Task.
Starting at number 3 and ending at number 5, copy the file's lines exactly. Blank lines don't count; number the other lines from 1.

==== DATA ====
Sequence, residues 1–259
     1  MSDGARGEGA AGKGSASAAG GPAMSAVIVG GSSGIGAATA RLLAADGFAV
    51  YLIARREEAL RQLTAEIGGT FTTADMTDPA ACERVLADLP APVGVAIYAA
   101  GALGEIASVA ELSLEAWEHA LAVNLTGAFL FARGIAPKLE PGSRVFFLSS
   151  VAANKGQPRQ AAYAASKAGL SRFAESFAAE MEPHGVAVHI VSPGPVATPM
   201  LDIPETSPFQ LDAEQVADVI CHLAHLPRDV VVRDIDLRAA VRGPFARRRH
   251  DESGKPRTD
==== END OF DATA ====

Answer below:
    51  YLIARREEAL RQLTAEIGGT FTTADMTDPA ACERVLADLP APVGVAIYAA
   101  GALGEIASVA ELSLEAWEHA LAVNLTGAFL FARGIAPKLE PGSRVFFLSS
   151  VAANKGQPRQ AAYAASKAGL SRFAESFAAE MEPHGVAVHI VSPGPVATPM